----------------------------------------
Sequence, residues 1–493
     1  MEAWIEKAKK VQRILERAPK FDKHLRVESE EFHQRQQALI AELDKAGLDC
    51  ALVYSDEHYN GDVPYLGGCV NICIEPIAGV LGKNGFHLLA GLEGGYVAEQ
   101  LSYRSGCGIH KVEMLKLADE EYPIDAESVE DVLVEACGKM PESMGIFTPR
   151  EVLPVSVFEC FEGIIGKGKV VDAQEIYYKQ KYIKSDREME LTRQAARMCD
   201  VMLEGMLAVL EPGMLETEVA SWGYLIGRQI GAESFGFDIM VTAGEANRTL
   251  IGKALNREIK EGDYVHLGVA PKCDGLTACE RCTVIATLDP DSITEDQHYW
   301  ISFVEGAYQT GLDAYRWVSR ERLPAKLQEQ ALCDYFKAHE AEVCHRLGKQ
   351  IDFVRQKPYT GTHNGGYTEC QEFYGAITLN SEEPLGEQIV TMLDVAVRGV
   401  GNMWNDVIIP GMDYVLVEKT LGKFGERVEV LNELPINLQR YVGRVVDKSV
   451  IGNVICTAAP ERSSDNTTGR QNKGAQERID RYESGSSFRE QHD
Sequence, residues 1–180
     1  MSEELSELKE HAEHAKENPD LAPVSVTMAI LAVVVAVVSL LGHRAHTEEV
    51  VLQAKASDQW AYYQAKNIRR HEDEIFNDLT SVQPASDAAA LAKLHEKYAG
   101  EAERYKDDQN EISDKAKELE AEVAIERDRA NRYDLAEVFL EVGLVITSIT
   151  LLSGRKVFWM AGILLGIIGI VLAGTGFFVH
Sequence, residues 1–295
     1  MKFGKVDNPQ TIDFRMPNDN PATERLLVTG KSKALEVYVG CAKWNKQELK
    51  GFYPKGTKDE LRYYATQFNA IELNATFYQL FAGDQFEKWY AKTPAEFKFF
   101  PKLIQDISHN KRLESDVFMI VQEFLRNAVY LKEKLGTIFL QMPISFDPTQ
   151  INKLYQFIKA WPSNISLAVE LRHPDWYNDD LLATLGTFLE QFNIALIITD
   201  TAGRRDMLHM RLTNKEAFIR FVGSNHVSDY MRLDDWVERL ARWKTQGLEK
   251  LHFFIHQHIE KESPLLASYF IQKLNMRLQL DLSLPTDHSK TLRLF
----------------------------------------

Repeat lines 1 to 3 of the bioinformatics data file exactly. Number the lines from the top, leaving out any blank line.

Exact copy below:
Sequence, residues 1–493
     1  MEAWIEKAKK VQRILERAPK FDKHLRVESE EFHQRQQALI AELDKAGLDC
    51  ALVYSDEHYN GDVPYLGGCV NICIEPIAGV LGKNGFHLLA GLEGGYVAEQ